SC rejects plea to stop documentary on Arvind Kejriwal, says freedom of expression sacrosanct

“Any film or drama or novel is creation of art. An artist has his own freedom to express himself in a manner which is not prohibited in law and such prohibition are not read by implication to crucify the rights of expressive mind.”

Written by ANANTHAKRISHNAN G | New Delhi | Updated: November 17, 2017 8:09 am
Documentary on Arvind Kejriwal titled An Insignificant Man An Insignificant Man is a film on Delhi Chief Minister Arvind Kejriwal

Amid the row over the film Padmavati and calls to stop its release, a petition that sought a stay on the release of a documentary made on Delhi Chief Minister Arvind Kejriwal was dismissed Thursday by the Supreme Court which underlined that freedom of speech and expression are “sacrosanct” and “should not be ordinarily interfered with”.

A three-judge bench, comprising Chief Justice of India Dipak Misra and Justices A M Khanwilkar and D Y Chandrachud, said: “Any film or drama or novel is creation of art. An artist has his own freedom to express himself in a manner which is not prohibited in law and such prohibition are not read by implication to crucify the rights of expressive mind.”

Petitioner Nachiketa Walhekar, who was accused of throwing ink at Kejriwal during a meeting at the Constitution Club on November 18, 2013, claimed that a clip of the incident was being used in the documentary An Insignificant Man “to show him as a convict and Arvind Kejriwal to be a hero” despite the fact that a case relating to it was pending trial at the Patiala House Courts.

Rejecting the plea, the bench said “freedom of speech and expression are sacrosanct” and “should not be ordinarily interfered with”. “Human history records that there are many authors who express their thoughts according to the choice of their words, phrases, expressions and also create characters who may look absolutely different than an ordinary man would conceive of. A thought-provoking film should never mean that it has to be didactic or in any way puritanical. It can be expressive and provoking the conscious or the sub-conscious thoughts of the viewer. If there has to be any limitation, that has to be as per the prescription in law,” the judges said.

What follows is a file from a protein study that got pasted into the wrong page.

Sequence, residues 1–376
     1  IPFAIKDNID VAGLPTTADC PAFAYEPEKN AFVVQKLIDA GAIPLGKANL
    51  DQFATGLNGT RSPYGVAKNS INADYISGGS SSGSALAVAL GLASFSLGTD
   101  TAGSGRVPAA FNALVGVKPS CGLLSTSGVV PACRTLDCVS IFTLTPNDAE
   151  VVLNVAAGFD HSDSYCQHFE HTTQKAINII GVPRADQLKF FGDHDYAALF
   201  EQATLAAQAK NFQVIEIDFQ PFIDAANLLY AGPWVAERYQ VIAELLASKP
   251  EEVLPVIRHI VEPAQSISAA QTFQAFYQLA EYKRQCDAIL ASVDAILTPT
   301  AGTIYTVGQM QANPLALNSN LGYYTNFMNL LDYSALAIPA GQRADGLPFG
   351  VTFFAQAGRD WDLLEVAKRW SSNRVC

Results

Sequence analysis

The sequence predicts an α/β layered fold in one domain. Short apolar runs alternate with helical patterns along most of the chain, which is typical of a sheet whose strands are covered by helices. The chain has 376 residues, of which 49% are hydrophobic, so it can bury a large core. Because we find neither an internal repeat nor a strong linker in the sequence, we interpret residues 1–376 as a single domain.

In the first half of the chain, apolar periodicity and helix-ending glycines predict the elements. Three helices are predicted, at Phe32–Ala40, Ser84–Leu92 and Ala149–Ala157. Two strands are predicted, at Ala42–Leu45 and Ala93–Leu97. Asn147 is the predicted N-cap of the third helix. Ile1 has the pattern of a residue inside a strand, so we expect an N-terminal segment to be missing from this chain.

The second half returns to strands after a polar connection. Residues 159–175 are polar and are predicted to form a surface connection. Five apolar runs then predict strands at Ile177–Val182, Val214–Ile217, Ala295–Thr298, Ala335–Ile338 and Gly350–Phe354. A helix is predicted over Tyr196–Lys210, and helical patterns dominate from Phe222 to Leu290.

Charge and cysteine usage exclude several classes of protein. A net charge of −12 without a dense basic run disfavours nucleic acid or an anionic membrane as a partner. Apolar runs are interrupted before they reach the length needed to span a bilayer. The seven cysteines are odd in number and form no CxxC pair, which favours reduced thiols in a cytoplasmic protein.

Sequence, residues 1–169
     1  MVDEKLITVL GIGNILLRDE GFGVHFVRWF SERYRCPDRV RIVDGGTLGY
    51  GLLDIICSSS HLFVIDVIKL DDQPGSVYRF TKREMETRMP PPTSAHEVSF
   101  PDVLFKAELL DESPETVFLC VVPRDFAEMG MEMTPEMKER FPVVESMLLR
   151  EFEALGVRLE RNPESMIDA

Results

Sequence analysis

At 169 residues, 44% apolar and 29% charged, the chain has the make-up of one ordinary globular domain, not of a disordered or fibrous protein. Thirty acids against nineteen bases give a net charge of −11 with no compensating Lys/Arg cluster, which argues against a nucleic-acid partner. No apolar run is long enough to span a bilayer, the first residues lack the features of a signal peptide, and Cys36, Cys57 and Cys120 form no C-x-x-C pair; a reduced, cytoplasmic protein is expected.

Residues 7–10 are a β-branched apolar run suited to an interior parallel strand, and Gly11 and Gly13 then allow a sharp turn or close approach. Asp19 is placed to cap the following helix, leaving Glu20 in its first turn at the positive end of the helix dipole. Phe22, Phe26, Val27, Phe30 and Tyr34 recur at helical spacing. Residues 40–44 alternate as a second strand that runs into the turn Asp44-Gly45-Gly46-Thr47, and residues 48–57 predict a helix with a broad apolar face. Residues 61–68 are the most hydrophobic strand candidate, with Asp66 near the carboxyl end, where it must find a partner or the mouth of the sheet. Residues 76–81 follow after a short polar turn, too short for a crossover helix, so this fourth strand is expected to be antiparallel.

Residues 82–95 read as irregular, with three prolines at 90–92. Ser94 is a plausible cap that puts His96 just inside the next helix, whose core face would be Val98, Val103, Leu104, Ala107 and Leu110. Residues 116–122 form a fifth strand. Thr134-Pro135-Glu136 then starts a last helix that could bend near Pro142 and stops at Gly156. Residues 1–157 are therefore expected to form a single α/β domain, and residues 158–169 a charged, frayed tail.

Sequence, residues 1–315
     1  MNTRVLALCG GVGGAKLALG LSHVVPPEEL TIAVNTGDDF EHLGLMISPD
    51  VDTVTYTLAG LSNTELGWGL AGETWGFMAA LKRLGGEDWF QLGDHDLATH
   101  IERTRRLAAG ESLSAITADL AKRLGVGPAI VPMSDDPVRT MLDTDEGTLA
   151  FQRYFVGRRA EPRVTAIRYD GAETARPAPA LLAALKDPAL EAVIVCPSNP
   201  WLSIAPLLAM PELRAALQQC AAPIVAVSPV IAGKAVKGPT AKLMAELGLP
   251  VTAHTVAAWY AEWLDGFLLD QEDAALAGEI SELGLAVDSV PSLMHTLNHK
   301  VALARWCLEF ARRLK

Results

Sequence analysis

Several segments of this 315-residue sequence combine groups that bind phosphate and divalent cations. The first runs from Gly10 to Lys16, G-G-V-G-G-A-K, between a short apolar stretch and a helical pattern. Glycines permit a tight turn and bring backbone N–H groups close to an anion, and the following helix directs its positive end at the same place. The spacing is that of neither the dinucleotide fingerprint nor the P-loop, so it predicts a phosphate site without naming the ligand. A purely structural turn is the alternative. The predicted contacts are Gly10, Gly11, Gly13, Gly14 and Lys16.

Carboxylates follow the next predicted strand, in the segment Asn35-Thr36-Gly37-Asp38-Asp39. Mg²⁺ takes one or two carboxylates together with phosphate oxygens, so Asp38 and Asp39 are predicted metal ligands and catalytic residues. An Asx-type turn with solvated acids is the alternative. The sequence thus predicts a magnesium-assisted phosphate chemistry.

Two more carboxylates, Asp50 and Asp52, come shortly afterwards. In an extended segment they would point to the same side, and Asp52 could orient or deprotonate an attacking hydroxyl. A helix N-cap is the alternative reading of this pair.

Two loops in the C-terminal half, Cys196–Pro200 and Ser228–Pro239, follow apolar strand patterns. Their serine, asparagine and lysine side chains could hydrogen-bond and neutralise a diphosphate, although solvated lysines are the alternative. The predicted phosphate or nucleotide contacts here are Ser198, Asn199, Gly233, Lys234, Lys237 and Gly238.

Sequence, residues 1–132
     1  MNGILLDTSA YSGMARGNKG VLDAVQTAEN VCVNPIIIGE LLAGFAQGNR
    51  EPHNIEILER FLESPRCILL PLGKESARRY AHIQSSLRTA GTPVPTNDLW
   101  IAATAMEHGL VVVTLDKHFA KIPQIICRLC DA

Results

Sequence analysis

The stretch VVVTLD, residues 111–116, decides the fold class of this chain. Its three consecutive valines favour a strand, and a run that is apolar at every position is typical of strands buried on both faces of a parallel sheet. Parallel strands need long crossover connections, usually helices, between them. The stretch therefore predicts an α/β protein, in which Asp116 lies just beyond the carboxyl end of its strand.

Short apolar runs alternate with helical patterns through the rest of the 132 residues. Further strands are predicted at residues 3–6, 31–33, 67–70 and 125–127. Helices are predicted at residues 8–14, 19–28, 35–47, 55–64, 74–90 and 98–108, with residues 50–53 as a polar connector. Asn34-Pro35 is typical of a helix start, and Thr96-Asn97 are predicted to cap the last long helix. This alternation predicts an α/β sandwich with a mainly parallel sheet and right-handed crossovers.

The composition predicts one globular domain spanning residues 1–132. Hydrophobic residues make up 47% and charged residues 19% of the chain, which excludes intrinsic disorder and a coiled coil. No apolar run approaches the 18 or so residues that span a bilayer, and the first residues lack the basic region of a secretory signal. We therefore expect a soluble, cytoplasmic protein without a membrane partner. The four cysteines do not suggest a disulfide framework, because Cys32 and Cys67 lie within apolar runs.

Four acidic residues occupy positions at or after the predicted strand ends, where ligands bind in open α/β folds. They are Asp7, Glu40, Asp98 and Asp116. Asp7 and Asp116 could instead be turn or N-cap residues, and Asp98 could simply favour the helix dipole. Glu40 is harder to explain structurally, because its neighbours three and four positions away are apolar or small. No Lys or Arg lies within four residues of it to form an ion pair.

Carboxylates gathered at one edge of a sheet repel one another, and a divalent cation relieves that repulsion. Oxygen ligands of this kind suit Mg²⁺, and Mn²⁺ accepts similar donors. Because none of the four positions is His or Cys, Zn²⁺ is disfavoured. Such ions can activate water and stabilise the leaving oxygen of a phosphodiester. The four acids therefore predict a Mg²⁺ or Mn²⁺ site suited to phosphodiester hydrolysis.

The order noted that “when… the Central Board of Film Certification has granted the certificate and only something with regard to the petitioner, which was shown in the media, is being reflected in the film, this court should restrain itself in not entertaining the writ petition or granting injunction”.

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On the petitioner’s apprehension that the documentary will be used as evidence, the court said it will not comment on the same “as that would be for the trial court to adjudge under the Evidence Act”. Earlier, responding to remarks of the petitioner’s counsel Pushkar Sharma, CJI Misra observed that “the right of a film producer to decide how it should be made, of a script writer to write its script, of a director to decide how it should be directed… all comes within their freedom of speech and expression… prohibiting screening of a film or documentary,courts should be very careful”.

The CJI said there are some films with facts that are not questioned before. “Was Bandit Queen banned?… Was permission taken from the person whose life was depicted in the movie?”, the CJI asked the counsel, and added “every day, events happen in our court and papers report according to their understanding. We don’t gag them”.

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